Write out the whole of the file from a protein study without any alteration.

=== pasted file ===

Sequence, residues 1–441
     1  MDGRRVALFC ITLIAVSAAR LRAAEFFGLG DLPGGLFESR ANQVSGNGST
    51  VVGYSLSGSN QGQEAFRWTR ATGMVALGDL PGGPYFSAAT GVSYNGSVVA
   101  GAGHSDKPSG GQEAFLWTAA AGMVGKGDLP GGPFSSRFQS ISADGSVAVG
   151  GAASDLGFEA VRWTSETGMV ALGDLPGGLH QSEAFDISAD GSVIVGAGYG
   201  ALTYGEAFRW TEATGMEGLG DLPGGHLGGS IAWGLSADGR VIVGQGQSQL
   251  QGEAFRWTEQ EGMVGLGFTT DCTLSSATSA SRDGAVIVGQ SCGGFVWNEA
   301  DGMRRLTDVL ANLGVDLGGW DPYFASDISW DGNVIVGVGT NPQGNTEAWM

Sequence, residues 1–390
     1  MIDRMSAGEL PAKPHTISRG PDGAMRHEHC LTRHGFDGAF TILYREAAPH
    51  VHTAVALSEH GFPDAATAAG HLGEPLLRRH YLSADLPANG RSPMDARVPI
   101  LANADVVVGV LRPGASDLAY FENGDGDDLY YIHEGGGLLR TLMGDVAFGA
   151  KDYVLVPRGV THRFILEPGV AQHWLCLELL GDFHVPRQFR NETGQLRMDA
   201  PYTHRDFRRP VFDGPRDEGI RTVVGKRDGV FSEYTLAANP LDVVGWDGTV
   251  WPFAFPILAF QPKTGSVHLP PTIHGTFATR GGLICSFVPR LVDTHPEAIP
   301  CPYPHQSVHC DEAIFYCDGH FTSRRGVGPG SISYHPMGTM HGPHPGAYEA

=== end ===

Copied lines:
Sequence, residues 1–441
     1  MDGRRVALFC ITLIAVSAAR LRAAEFFGLG DLPGGLFESR ANQVSGNGST
    51  VVGYSLSGSN QGQEAFRWTR ATGMVALGDL PGGPYFSAAT GVSYNGSVVA
   101  GAGHSDKPSG GQEAFLWTAA AGMVGKGDLP GGPFSSRFQS ISADGSVAVG
   151  GAASDLGFEA VRWTSETGMV ALGDLPGGLH QSEAFDISAD GSVIVGAGYG
   201  ALTYGEAFRW TEATGMEGLG DLPGGHLGGS IAWGLSADGR VIVGQGQSQL
   251  QGEAFRWTEQ EGMVGLGFTT DCTLSSATSA SRDGAVIVGQ SCGGFVWNEA
   301  DGMRRLTDVL ANLGVDLGGW DPYFASDISW DGNVIVGVGT NPQGNTEAWM

Sequence, residues 1–390
     1  MIDRMSAGEL PAKPHTISRG PDGAMRHEHC LTRHGFDGAF TILYREAAPH
    51  VHTAVALSEH GFPDAATAAG HLGEPLLRRH YLSADLPANG RSPMDARVPI
   101  LANADVVVGV LRPGASDLAY FENGDGDDLY YIHEGGGLLR TLMGDVAFGA
   151  KDYVLVPRGV THRFILEPGV AQHWLCLELL GDFHVPRQFR NETGQLRMDA
   201  PYTHRDFRRP VFDGPRDEGI RTVVGKRDGV FSEYTLAANP LDVVGWDGTV
   251  WPFAFPILAF QPKTGSVHLP PTIHGTFATR GGLICSFVPR LVDTHPEAIP
   301  CPYPHQSVHC DEAIFYCDGH FTSRRGVGPG SISYHPMGTM HGPHPGAYEA